Pennywise, Strung Out, Authority Zero, Saboteur

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After Green Day made punk acceptable to middle-class kids who bought their CDs at the mall, there was a void of product that was filled by an unlikely source: hard-core punk that didn't have the advantages of tastefully applied eyeliner and faux British accents. Those disgruntled suburban youths were in the mood to spend Mom and Dad's cash, so they embraced just about any sweaty group that came along, some with a legitimate punk history, and others with only their amateurism to recommend them. Initially, Pennywise fell into the latter category.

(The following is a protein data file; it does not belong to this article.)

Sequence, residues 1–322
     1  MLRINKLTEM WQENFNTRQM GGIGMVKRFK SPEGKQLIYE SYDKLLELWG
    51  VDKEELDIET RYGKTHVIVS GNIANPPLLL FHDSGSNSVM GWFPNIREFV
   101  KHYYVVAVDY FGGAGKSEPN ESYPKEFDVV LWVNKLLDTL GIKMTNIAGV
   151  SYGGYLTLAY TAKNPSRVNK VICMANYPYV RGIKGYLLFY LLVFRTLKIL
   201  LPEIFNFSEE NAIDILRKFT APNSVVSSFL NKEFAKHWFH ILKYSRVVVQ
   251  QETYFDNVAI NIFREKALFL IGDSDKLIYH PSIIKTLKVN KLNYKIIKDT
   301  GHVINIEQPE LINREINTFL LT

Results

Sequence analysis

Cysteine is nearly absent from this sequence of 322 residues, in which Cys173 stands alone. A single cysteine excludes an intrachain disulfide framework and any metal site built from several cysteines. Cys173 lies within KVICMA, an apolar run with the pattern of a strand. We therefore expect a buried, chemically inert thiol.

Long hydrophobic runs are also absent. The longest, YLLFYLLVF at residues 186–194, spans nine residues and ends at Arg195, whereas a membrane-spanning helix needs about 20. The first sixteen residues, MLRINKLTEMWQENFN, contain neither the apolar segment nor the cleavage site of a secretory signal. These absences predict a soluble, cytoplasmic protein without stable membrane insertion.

But over the course of two decades, the Southern California quartet has staked its claim as one of the pre-eminent American punk acts, releasing nine albums of melodic, common-man hard-core that has shown continued growth and a defiantly leftist political bent. Led by intimidating frontman Jim Lindberg, Pennywise's shows often evolve into shouting matches between Lindberg and the audience, creating a tortured ambience that suits the band just fine. Pennywise's most recent effort, Reason to Believe, ups the band's populist credibility even higher as the entire CD is available as a free download via MySpace records. Fast-paced, ugly and uncluttered by restraint, Pennywise is punk for frat boys and folks who holler about politics but would rather drink beer than take the time to vote.

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